Become a Patron of the Arts for Siobhán Armstrong

Hello, friends.  Siobhan Armstrong, an Irish harper, and the director of the Historical Harp Society of Ireland, needs your help.  Siobhan is fundraising for a CD project that will feature the music of 16th Century Ireland.  On the forthcoming CD, she’ll play various harps, including her Kortier Trinity replica, and  will be accompanied by a range of musicians, including, as she explains on the video, a number of “up and coming” young Irish musicians and singers.  What a great project to support!

Please join me in immediately supporting this crowdsourced campaign, which will end on July 26, 2014.  Here’s the link to the secure FundIt site (http://fundit.ie/project/cd-music-of-16th-century-ireland).  Give a little if you can, and give a lot if it’s possible to do so.  Now, go watch the video, be inspired, and support this magnificent instrument’s revival.

PS:  I neglected to post information on the blog about a campaign that Simon Chadwick ran a few months back to support a concert series in St. Andrews, Scotland.   These projects are worthy of support, and you’ll feel the splendid surge of happiness that comes with providing 21st century patronage for players of the marvelous early Gaelic harp.

Wishing you a summer of good music and adventures,

-Sue

 

 

Samhain 2012

The ancestor altar is built, and so many familiar, beloved faces smile back at me from the altar space in the dining room.  This afternoon I sang to the ancestors as I prepared dinner, and

Samhain ancestor altar, 2012.

lit some candles in their honor.  Last night we attended Mistral’s Dark Harvest Ballads for either the 3rd or 4th time in the past several years.  We can’t quite remember how long we’ve been attending the band’s Samhain fundraiser. This year’s theme, “Fathom the Deep,” was a fundraiser for both a local food bank and for the Newport Fishermen’s Wives charity.

I grew up in northeastern Massachusetts, in a seaport community, and recall the history of shipwrecks on the Atlantic coast.  Not far from home was the famous Gloucester fisherman’s statue in honor of the hundreds lost at sea.  It is inscribed with the quotation from Psalms, “They that go down to the sea in ships.”  Last night’s music was a delicious and haunting assortment of bleak songs about the sea, from The Wreck of the Edmund Fitzgerald to Ship in Distress, and a version of the Twa Sisters.  I delight in Martin Carthy’s version of Ship in Distress, a haunting tale of near-starvation aboard a foundering ship, with shipmates who draw lots to choose a victim among them to die to feed the rest of the crew.  While I miss the old, spookier, crowded and dark location of the event at Hipbone Studio, there was more space and comfort in the new location.  Ian Clemons and Elizabeth Christina are two favorite musicians in Mistral, and Ian’s daughters performed a splendid shadow puppet production of the Greyling, a song about a selkie sung by Elizabeth Christina.  It was a good evening.

Trinity replica on the porch, Samhain 2012.

Last weekend we visited a farm on Sauvie Island and picked pumpkins for our annual display on the porch.  Here’s a photo of the new Trinity replica on a day when we still had sun last weekend.  Perhaps this photograph has become another annual tradition at Samhain.  Better yet, the Trinity sounds even better and richer this year than it did last year at this time.  Best of all, I am enjoying better health this Samhain, and I thank my patron gods and ancestors for that.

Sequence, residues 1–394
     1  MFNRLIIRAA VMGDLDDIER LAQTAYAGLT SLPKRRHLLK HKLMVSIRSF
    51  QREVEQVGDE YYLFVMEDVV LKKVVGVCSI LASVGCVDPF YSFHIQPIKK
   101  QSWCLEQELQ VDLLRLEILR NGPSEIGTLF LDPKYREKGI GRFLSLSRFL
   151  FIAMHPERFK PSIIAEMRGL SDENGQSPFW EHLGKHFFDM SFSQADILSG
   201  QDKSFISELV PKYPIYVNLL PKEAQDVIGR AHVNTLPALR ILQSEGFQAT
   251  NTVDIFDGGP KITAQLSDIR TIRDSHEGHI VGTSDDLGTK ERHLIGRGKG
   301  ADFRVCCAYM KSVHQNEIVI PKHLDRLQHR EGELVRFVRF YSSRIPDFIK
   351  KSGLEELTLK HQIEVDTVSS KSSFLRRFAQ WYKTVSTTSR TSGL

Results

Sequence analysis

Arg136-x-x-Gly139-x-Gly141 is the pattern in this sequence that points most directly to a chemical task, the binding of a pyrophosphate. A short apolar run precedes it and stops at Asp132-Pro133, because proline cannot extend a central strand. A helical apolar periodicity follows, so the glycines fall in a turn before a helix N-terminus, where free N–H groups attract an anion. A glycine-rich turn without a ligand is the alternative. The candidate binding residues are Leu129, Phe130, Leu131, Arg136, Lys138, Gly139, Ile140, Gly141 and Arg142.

Wishing you all the ancestral blessings of Samhain,

–Sue

Poetry, Harping, and Brigid

It’s Imbolc, or Brigid, the first day of Spring on the Celtic calendar.  Crocuses are in flower in the garden, and the sun visited for the entire day.

Crocuses in bloom on Imbolc, 2011.

In honor of Brigid, patroness of smithcraft, poetry and healing, and in observance of the 6th annual Brigid poetry festival by some people I know, let’s listen to Giolla Brighde Mac Con Midhe, a late 13th century Irish poet who rails against the limitations set on poetry in medieval Ireland:

Had lays not preserved their deeds,/though they were noble men,/a cloak would long since have fallen/on Niall, Cormac and Conn.

The line of kings of Cashel and Cruachan,/The house of Three Hostels’ scions,/Tuathal of Tara and Dath Í:/Poets are the roots of those pedigrees.

Were there no poetry sung/To sweet-strung harp or timpan,/none would know of noble passed,/nor his repute nor manly prowess.

(The Celtic Poets, pp. 341-2, trans. Patrick K. Ford)

The concept of “manly prowess” raises modern eyebrows, but let’s remember the antiquity of this piece, and its intended argument.

On Imbolc 2011, I feel very wealthy indeed.  Today I spent some time reading Seamus Heaney’s new volume of poems, Human Chain, and enjoyed my warm house filled with shelves of good books.  My ancient cat is snuggled up next to me, probably in the last few months of her long twenty years of life, but still enjoying simple pleasures like a pool of warm sunlight on the rug in the late afternoon.  Just yesterday, I received a morning email from David Kortier, whom I commissioned over a year ago to build a replica Trinity College harp for me.  He sent photos of its progress, along with photos of a friend’s beautiful Sirr harp.  That was a thrill!

In spite of chronic shyness about my playing, I decided to post a not-a-video music clip on YouTube.  The music is Duncan MacRae of Kintail’s Lament, a piobaireachd that Ann Heymann introduced in a pibroch workshop at Scoil na gCláirseach in Kilkenny in the summer of 2009.  This past fall I played some variations of it at a fundraiser concert, with fairly good results.

Happy Brigid to you.  I hope that it is filled with poetry, inspiration, and music.

–Sue


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